Should i upgrade the internal parts?

Discussion in '1911 Forum' started by okdonk, Dec 18, 2012.

  1. okdonk

    okdonk New Member

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    I'm new to 1911. I'll be picking up my Colt Defender 9mm this thursday at my LGS. It's on transit as we speak. This will be my first Colt 1911. Not sure if Defender falls into 1911 or not :).
    My question, what internal or external parts should i upgrade? I was reading on some forums, people like Wilson Combat internal parts. Are they worthy? Are the parts will make it better? If i were going to buy additional mags, should i get Colt mags or Wilson's mags? The gun will not be my EDC for sure.
    So please feed me with your wealthy 1911 knowledges. Thank you.
     
  2. Chainfire

    Chainfire Well-Known Member Supporter

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    I would shoot it. If it works as designed I would leave it alone. I bought my SA 1911 in 1994 and I have shot the dickens out of it. It still has all of the original parts, including magazines, and it works perfectly.
     

  3. danf_fl

    danf_fl Retired Supporter

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    I agree with Chainfire.
    If you shoot the thing "Like you're tryin' to break it", You will identify what parts need to be replaced.
    Then should it need something during the break in period, the company cannot blame you for messin' with it.
     
  4. qwiksdraw

    qwiksdraw New Member

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    That awkward moment when you realize the previous two replies said exactly what you would have said....!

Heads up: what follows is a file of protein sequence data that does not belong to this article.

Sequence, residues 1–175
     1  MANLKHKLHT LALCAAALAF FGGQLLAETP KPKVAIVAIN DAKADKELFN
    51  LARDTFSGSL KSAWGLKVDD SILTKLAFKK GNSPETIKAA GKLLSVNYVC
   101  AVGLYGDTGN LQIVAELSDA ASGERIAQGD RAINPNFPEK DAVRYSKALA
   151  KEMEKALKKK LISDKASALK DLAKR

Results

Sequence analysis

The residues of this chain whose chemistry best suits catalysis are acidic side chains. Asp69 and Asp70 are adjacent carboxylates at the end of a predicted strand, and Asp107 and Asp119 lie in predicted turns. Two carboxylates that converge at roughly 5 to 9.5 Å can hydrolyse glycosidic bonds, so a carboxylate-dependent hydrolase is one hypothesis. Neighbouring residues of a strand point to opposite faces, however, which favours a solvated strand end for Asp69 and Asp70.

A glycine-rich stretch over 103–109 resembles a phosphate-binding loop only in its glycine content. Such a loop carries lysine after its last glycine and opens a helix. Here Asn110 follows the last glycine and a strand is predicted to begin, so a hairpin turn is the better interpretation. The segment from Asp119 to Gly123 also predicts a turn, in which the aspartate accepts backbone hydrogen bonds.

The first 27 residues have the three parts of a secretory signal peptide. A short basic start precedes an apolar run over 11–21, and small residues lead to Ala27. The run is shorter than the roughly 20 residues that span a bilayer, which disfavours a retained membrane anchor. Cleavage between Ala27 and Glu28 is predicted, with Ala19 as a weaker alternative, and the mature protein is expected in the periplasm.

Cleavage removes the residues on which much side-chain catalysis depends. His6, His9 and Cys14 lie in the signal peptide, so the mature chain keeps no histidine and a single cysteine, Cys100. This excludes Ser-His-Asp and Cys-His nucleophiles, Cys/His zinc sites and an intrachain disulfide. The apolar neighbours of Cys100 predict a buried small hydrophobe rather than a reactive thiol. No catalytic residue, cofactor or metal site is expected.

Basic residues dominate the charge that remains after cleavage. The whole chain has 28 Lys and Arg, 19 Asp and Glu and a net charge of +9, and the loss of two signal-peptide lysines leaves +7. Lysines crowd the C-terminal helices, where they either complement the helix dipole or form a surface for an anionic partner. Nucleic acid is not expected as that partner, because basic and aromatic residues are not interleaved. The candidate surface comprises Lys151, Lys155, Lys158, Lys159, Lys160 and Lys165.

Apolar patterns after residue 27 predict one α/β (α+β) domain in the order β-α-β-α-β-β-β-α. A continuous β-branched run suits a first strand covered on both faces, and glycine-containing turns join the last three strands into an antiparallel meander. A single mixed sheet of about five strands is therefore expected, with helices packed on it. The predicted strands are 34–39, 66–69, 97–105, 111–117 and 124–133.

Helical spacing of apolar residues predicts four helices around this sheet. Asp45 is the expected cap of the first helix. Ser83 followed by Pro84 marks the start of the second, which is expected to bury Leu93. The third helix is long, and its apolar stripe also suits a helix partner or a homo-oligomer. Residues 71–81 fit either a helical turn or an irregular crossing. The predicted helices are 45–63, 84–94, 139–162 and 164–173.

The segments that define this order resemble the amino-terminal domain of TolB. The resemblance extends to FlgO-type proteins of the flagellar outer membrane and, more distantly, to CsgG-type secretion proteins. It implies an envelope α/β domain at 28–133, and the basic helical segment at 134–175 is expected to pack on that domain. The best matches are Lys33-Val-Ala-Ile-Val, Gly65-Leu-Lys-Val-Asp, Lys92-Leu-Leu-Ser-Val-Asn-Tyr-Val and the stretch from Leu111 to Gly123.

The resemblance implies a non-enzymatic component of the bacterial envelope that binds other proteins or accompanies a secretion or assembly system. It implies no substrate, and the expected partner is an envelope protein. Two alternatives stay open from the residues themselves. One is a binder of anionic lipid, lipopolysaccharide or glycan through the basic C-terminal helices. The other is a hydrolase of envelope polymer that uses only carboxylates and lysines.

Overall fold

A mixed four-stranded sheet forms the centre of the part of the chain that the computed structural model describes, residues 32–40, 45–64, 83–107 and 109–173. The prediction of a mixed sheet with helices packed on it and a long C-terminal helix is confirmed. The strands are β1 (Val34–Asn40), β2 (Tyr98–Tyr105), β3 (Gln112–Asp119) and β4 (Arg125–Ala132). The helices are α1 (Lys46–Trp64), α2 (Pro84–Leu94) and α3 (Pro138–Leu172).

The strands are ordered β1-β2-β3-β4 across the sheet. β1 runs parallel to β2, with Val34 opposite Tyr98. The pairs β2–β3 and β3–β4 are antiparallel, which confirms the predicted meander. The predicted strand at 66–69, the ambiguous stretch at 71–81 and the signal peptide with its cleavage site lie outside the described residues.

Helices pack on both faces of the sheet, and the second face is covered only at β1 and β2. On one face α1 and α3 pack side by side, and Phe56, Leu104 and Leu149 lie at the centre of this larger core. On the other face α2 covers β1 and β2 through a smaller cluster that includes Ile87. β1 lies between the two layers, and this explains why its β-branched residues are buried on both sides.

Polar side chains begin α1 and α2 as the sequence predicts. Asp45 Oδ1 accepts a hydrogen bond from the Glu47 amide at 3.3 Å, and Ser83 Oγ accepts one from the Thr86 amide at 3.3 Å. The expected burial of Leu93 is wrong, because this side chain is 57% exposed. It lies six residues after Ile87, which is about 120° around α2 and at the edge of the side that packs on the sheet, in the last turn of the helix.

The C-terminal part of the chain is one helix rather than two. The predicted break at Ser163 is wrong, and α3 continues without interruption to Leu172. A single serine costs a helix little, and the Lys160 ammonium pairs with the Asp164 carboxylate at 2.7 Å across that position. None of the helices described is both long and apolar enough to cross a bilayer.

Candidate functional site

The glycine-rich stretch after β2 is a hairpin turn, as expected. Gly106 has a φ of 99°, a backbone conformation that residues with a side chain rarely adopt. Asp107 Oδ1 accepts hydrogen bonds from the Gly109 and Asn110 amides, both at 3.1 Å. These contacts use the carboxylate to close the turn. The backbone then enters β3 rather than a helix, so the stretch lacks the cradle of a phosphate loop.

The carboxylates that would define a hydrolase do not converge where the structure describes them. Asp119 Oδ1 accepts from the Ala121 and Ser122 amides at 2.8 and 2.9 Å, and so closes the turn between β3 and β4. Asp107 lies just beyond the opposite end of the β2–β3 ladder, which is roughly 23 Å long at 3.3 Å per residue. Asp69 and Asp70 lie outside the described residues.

5. HOSSFLY

    HOSSFLY New Member

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    Wud you buy a new car & put a new engine & transmission in it?
    Shoot the thing ;)
     
  6. jakewpns

    jakewpns New Member

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    That being said if you do get after market parts from wilson, go with their Bullet Proof parts. Otherwise you will be getting the same stuff thats on your gun thats casted. Wilsons Bullet Proof and Ed Browns Hardcore line of parts are forged and machined. So it will hold up longer than parts that are casted. But as the others previously stated, unless you are trying to break your 1911 by shooting, you wont really notice the difference
     
  7. okdonk

    okdonk New Member

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    Thx for the inputs guys. I guess i'll just stick with the stock parts for the time being. Till i fully learn how to completely field strip it.
     
  8. BeyondTheBox

    BeyondTheBox New Member

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    More like lowering Springs and headers. .. and yes I absolutely would!
     
  9. Chainfire

    Chainfire Well-Known Member Supporter

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    One other issue in swapping parts is that many parts need to be expertly fitted to function properly. It is not always just dropping in "drop in" parts.
     
  10. JonM

    JonM Moderator

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    the baby 1911's defender/newagent arent meant to be target guns :) they are ccw guns. means carry a lot shot a little. nothing wrong with the colt internals. if you plan on running a lot of ammo first thing is new recoil springs to keep in reserve. the recoil springs on small 1911 style pocket guns regardless of maker need to be replaced every 500-700 rounds. not replacing those is what leads the interweb wizards of smart to think the internals are junk.

    its like running your car for 25,000 miles never changing the oil and blame the engine for being junk when it implodes.
     
  11. BeyondTheBox

    BeyondTheBox New Member

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    Come on 500-700, don't ya think that's a little exaggerated? Any gun manufactured that needs a changing of parts that quickly should be considered junk.

    As for the car analogy, not a little exaggerated, but extremely so, and invalid. Both are mechanical pieces of equip thus oil in car is like oil in gun. Springs in gun is nothing similar to any mechanical part of engine, but like Springs and/or shocks/struts. Literally a straight comparison.